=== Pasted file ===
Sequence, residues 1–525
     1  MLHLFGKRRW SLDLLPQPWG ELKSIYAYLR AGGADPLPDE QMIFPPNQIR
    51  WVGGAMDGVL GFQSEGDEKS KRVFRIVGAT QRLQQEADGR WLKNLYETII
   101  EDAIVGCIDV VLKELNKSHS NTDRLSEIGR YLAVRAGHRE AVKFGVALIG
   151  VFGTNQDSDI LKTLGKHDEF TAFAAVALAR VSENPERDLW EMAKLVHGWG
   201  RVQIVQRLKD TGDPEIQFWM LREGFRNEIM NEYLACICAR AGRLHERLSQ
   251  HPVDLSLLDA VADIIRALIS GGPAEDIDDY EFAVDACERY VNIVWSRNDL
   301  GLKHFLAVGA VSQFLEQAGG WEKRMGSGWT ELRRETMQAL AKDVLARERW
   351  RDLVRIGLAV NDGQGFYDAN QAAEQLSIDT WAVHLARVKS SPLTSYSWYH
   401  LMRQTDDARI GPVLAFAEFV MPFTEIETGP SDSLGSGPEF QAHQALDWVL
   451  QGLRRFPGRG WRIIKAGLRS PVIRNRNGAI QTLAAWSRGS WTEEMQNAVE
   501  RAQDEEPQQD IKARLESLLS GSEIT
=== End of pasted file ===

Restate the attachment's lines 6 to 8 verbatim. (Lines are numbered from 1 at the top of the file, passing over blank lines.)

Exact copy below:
   201  RVQIVQRLKD TGDPEIQFWM LREGFRNEIM NEYLACICAR AGRLHERLSQ
   251  HPVDLSLLDA VADIIRALIS GGPAEDIDDY EFAVDACERY VNIVWSRNDL
   301  GLKHFLAVGA VSQFLEQAGG WEKRMGSGWT ELRRETMQAL AKDVLARERW